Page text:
New Delhi: PhD student and social roboticist Siva Leela Krishna Chand Gudi has been awarded a fellowship by the Australian Academy of Science to represent Australia at the 6th Heidelberg Laureate Forum, 23 – 28 September 2018.
The highly prestigious event in Germany brings top 200 most qualified leading young mathematicians and computer scientists from around the world to engage in a cross-generational scientific dialogue with Nobel laureates of the most prestigious prizes in their fields including the Abel Prize, the Turing Award, and the Nevanlinna Prize and Fields Medal.
Computer science is one of the younger scientific disciplines represented and Chand is one of only 30 of the 200 researchers who will deliver a presentation at the Forum.
“I am overjoyed for being selected,” says Chand. “It is a unique networking opportunity for me to share my research with my peers and with eminent scientists in their areas. As the only recipient of the Academy’s Fellowship, I am delighted to use the travel fund to also visit robotics labs in Germany and see what contemporary research is taking place there.”
Originally from Tenali, Andhra Pradesh, during his formative years, Chand interned at coveted research organizations from across the globe including Indian establishments such as Indian Space Research Organization (ISRO) and Defence Research and Development Organization (DRDO).
“My studies and initial work experience in India provided me with a foundation to build upon my career as a young researcher,” explains Chand. “I decided to come to UTS because of the quality of research and equipment. I will return to India after a few years because my ultimate dream is to have a startup in India in the field of robotics.”
Chand is currently in his fourth semester of research at UTS’ Innovation and Enterprise Research Laboratory, also called ‘The Magic Lab’ in the Centre for Artificial Intelligence, supported by Distinguished Professor Mary-Anne Williams and Senior Lecturer Dr Benjamin Johnston. Among the many scholarship offers of study, Chand chose UTS for the multi-skilled team within the Lab, the high level of support he receives, the ability to learn new skills through team work (as a member of the winning UTS 2017 UTS RoboCup team), and concentration on research that has real-world impact.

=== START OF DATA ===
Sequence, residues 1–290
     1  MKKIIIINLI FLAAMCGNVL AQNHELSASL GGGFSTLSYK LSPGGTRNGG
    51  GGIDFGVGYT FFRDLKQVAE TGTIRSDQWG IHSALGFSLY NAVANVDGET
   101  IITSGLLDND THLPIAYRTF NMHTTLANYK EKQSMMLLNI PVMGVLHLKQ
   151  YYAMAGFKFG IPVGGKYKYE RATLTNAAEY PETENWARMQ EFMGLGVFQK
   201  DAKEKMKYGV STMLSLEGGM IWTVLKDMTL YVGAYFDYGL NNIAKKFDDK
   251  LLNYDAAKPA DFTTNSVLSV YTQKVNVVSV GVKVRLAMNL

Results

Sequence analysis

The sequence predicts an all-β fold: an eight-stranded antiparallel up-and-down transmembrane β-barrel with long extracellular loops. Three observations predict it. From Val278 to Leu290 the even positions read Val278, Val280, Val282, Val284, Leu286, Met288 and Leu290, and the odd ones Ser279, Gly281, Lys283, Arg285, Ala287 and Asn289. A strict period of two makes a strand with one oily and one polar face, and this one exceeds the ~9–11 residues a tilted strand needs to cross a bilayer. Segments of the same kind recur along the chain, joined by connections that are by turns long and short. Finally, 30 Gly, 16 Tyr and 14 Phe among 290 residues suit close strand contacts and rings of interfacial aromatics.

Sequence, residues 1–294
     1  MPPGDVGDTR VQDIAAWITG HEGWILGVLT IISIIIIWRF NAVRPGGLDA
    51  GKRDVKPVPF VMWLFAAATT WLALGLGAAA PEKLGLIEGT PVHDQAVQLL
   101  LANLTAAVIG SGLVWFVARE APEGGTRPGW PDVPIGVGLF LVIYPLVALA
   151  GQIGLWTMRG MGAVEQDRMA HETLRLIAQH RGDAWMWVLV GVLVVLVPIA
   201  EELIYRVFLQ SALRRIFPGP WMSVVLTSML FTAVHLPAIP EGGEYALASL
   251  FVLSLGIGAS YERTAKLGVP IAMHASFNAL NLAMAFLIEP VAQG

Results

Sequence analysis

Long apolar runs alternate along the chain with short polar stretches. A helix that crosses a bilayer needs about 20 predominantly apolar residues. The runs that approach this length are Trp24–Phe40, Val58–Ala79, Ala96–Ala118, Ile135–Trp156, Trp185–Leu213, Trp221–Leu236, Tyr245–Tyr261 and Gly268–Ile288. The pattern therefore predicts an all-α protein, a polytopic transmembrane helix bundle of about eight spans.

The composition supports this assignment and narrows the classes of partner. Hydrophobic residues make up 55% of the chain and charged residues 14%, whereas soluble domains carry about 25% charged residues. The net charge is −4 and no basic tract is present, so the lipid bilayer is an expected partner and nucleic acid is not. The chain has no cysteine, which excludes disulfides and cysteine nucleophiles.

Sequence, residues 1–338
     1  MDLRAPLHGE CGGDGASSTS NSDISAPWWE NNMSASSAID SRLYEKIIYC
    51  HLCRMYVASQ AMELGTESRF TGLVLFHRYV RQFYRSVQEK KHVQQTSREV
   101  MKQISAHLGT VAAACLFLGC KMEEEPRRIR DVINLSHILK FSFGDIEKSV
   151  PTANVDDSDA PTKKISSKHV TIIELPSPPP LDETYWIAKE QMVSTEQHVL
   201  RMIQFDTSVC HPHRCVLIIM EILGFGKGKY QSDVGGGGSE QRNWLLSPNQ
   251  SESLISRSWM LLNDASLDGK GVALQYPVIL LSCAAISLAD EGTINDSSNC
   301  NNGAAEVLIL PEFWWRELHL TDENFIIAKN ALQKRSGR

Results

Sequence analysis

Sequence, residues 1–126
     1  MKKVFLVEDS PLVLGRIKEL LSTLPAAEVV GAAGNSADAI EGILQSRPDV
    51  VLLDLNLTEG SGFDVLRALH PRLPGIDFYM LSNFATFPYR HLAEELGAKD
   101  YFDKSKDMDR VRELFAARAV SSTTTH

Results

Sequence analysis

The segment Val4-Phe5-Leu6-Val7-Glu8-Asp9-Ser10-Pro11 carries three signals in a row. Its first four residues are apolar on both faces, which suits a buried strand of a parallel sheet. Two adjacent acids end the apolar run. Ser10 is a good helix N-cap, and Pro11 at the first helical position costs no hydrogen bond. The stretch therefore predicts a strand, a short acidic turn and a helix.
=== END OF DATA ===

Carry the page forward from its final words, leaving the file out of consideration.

However, the facilities and resources available through the Magic Lab – which so attracted him to study at the University of Technology Sydney (UTS) – mean it’s not ‘all work and no play’!
“The Magic Lab gives me the opportunity to play with robots and develop ideas and solutions which I hope will have a positive impact on society,” he says. “I want to make a ground-breaking contribution in the field of robotics using artificial intelligence.”
Chand is particularly interested in the way artificial intelligence can be used in to address issues faced by a global trend – the increase in ageing populations.
“Social robots have great potential in the lives of older people, especially those living alone, at home. They can be a real part of their lives, supporting them, being a companion, being a carer. A social robot can be programmed to understand and share feelings, or emotions, and participate in human life.
“For example, the role of a robot can be to act as a companion to an elderly person or to ensure medications are taken on time. In the future, I can also see robots taking on the role of coach or giving advice to humans in different situations.”
Chand’s entrepreneurship skills are evident in his many different outputs, and he admits to working a lot – he has already registered four patents, with three more pending and another – a smartwatch for dementia sufferers – being processed.
The latter is a collaboration with his friend, Ashish Rauniyar, a PhD fellow at the University of Oslo. This product represented Norway in the Europe-wide 2017 European Satellite Navigation innovation competition during European Space Week 2017.